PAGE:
Five crucial components to include in your feedback
A huge part of being an effective manager is the ability to give effective feedback. Giving effective feedback can play a significant role in moving your people toward a desired outcome. Evaluation time can be so much more valuable to you as a manager than just completing a task on your check list. Here are five components your feedback must encompass to be optimally beneficial:
Feedback should be nurturing
‘What?’ You may ask, ‘Am I a baby-sitter?’ No, but you should be a leader. A true leader is committed to extracting the best out of their team. To do that, he or she must invest the time and effort it takes to learn each player and how to get them to peak performance. Feedback is needed for growth, and that is the way it should be approached. When the goal is to nurture and cultivate, versus finding fault to justify why they won’t be getting a raise or bonus, the response is different. The latter seldom garners the desired result.
Feedback should be honest
Feedback needs to be open and honest. The objective of giving an assessment is to assist that individual in his or her professional growth. It does not help anyone when we hide the truth behind why someone will never be promoted. To give honest feedback without fear, you must build genuine rapport. Rapport means mutual respect. It is the understanding that you have my back; you understand, accept and value me. Without rapport, there is an increased chance that your feedback will be misconstrued.
Feedback should be continuous and not saved for evaluation time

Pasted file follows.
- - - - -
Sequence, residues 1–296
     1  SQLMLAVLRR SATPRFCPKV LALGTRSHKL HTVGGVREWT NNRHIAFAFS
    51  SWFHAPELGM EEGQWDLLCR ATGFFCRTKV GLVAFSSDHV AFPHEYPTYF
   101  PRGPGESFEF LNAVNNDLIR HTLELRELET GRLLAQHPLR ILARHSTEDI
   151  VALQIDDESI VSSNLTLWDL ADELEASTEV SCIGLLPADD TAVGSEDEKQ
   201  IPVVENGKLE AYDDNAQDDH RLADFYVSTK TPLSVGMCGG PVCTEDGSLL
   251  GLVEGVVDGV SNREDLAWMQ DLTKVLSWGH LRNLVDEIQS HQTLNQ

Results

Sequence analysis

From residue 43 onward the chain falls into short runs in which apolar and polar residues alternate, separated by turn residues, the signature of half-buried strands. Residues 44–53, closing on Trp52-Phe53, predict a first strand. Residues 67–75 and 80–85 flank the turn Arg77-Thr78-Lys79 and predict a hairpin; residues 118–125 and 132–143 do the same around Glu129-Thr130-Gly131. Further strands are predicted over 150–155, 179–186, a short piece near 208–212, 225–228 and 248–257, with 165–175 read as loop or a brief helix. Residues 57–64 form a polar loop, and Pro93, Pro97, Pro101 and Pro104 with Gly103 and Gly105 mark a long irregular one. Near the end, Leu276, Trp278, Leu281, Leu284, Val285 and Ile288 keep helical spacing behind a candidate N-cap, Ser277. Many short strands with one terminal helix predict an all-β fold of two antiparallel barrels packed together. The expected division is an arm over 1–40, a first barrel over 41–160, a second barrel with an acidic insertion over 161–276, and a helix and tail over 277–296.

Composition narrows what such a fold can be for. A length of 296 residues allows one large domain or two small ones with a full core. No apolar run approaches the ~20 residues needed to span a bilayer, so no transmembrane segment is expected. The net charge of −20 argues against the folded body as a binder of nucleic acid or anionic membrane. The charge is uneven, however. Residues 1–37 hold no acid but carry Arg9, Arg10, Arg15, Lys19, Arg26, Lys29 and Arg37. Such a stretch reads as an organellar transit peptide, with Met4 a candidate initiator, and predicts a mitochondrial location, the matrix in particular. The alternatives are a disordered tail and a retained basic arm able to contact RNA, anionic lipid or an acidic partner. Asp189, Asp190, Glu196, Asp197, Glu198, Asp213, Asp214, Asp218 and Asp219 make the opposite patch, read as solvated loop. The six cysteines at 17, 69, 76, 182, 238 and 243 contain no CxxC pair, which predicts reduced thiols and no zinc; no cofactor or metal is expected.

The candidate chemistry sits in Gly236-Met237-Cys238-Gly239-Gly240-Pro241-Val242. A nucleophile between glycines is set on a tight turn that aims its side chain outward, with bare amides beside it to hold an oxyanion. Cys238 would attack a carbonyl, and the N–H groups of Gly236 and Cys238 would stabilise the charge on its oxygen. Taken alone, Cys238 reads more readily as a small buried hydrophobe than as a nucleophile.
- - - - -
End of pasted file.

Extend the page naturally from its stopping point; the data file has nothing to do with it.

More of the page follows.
If your team member is shocked with your annual evaluation, you probably did a poor job communicating in real time. No one should be blind-sided during an official evaluation. If you have been assigned to lead your team, you must see yourself as a coach. Your job is to develop those who report to you, not simply criticize their performance. How would you rate a coach who never tells his players where they err until the end of the season? How long would he keep his job?
Feedback should provide a strategy. Your feedback is poor if your employee walks away without an understanding of what they must do to increase their score from two out of five to five out of five. For instance, I had a client tell me his boss gave him a low score and when he asked why, the retort was, “I wasn’t impressed”. There was no further explanation given. That is a recipe for disaster.
Feedback should reinforce value
You will be able to stretch your most challenging team member if, at the end of that feedback session, they feel valued. Studies have shown feeling valued is even more important than money. Now do not get this twisted; when people are grossly underpaid, they are disgruntled, period. However, money does not increase employee engagement when people feel they are not appreciated. Be sure your feedback reiterates the fact that they are valuable to you, the team and the company.
For more free tips to get better performance from your staff visit www.influentialvoice.com.
• Kim Welcome is the CEO of Influential Voice. A communication trainer and coach, she assists businesses and professionals to achieve their goals by helping them to develop deliberate, skillful, polished communication skills. Contact: email@example.com or call 242-225-9013.